Multiplication practice starts when we are kids but it follows us all the way into adulthood. When we are at school, we are doing hypothetical multiplication without any real life examples to refer to, but as we grow up, multiplication becomes a big part of our interaction with numbers in real life, namely through MONEY.
What we earn must be divided by our survival costs in order for us to work out what we have left to spend, we may need to work out which percentage of our earnings we'd like to save aside each month, we will look for new jobs and ask for pay rises in order to increase our income, we will compare our salaries to other people's and multiply how much bigger theirs is than our own. All of this is unimaginable for a 10 year old to comprehend, but it is at this age we need to be honing in our maths skills, in order to prepare us for the future.
There have been numerous studies linking maths grades at school to how big (or small) our salaries are in the future, particularly for females. In a report carried out by the Institute for Fiscal Studies (IFS) and funded by the Department for Education, their findings indicated that a child who scores in the top 15% of their peers in maths will go on to earn a 7.3% higher salary by the age of 30.
The maths skills of a child aged 10 are a determinant of how much that child will go on to earn in the future, so it is really vital we make maths skills a priority for our children while they are still at school. Individuals who fail at multiplication and time tables in school, may take on the belief into adulthood that they are bad at maths and consign themselves to lower earning careers as a result.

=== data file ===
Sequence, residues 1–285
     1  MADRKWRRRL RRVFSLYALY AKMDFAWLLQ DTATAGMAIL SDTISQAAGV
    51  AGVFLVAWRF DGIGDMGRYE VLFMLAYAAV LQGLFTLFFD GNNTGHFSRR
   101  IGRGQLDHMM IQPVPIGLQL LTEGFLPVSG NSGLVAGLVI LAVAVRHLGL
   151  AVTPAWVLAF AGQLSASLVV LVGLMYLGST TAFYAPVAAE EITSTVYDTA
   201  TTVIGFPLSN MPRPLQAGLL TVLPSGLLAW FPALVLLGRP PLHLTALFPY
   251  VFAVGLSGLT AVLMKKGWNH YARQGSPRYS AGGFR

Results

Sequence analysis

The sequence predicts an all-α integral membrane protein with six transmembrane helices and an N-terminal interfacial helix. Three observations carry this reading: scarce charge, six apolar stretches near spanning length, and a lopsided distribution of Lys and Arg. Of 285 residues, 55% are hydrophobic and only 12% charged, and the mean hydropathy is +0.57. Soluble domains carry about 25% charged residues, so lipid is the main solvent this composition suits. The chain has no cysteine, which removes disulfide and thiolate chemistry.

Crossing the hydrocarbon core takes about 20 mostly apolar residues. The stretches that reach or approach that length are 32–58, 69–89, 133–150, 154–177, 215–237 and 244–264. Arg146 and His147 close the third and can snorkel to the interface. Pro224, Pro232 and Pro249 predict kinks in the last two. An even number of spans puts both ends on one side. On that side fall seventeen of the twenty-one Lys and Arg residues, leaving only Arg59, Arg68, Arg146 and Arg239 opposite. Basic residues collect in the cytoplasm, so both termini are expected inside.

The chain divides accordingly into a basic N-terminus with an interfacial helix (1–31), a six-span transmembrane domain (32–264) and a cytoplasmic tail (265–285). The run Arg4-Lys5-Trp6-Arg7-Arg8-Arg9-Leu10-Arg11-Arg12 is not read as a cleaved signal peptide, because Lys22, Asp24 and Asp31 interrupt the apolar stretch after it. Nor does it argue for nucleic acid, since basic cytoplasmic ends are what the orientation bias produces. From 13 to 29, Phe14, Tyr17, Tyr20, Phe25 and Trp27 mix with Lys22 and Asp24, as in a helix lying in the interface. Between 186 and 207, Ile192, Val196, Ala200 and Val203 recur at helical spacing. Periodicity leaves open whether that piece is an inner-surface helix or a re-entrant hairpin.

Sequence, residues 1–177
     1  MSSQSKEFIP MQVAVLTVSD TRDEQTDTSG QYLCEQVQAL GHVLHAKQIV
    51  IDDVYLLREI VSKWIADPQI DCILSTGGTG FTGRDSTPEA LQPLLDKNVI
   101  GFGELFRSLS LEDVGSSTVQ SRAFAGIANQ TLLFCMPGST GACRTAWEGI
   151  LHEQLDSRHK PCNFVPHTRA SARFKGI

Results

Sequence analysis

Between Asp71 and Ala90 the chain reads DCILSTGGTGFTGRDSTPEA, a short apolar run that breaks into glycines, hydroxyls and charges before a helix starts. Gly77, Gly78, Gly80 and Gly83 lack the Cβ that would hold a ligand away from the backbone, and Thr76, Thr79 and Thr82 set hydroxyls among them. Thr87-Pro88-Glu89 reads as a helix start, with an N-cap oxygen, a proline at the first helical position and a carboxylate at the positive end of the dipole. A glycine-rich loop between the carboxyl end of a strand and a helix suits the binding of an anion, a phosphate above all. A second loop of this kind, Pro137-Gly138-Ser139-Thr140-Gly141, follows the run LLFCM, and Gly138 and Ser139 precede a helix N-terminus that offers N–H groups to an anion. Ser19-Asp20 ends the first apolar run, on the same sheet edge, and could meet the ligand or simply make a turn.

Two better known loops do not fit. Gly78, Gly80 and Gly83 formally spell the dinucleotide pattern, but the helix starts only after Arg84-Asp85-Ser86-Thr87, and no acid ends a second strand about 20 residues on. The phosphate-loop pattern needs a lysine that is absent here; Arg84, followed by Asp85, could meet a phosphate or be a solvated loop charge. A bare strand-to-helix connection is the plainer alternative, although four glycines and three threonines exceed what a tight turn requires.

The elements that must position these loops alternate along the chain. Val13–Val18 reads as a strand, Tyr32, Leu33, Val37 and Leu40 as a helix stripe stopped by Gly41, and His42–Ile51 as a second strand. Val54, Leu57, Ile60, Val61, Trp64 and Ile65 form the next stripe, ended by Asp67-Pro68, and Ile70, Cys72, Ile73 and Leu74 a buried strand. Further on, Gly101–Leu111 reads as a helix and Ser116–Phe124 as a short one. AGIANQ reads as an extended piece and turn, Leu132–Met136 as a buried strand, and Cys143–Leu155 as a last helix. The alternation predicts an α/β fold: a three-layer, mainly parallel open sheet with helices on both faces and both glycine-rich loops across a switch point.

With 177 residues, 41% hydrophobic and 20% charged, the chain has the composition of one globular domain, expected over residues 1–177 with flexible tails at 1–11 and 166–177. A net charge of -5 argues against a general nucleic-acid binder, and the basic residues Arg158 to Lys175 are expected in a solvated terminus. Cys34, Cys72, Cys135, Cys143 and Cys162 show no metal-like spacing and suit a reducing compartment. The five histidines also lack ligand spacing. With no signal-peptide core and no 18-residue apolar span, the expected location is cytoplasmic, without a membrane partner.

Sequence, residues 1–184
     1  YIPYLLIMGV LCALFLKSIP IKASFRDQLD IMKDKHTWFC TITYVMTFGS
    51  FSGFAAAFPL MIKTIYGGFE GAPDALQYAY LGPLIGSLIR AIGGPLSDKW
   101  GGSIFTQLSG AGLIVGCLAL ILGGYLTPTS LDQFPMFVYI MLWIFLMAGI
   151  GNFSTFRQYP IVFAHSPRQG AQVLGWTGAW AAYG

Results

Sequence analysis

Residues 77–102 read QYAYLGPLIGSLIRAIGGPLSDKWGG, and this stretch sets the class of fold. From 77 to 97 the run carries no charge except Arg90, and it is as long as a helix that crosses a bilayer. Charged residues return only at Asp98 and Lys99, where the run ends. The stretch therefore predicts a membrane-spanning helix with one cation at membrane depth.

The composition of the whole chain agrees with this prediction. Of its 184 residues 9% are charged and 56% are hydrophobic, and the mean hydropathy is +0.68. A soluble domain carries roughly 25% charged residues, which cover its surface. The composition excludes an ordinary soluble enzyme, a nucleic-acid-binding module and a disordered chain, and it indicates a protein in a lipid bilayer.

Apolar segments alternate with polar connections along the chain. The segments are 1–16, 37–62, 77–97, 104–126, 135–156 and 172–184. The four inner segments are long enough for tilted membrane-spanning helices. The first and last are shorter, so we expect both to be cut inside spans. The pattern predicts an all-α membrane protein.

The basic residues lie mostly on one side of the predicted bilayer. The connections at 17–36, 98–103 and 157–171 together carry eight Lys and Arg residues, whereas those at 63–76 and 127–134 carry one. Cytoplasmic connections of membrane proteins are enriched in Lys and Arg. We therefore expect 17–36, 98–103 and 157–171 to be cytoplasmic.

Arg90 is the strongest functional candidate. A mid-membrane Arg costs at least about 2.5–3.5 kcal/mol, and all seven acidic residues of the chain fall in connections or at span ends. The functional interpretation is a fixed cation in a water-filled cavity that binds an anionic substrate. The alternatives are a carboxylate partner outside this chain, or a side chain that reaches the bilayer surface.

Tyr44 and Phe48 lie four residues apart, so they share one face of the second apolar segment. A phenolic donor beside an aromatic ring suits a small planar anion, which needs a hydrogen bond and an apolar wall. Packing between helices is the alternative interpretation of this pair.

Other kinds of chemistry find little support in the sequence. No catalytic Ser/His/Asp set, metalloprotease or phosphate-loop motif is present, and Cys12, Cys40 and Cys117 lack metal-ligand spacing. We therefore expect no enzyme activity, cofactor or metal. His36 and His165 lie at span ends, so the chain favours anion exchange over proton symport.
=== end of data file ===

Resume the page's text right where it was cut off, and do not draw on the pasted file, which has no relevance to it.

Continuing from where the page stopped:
Many children first face maths related anxiety and feelings of inadequacy when learning their times tables. Multiplication practice can be confusing and difficult for children to make sense of or feel confident in and it can take its toll on their self esteem.
We were faced with these anxieties and low self esteem surrounding maths issues ourselves. Which is why we invented Table Fables.
The human brain is able to process visual information 60,000 times faster than text or numbers, making it a highly effective way to memorise times tables and practise multiplication and problem solving in maths.
At Table Fables, we use humorous animations and captivating storytelling to make multiplication practice and times tables FUN, and ensure our children are reaching their full potential and getting the results they need to be confident and resilient adults in the future.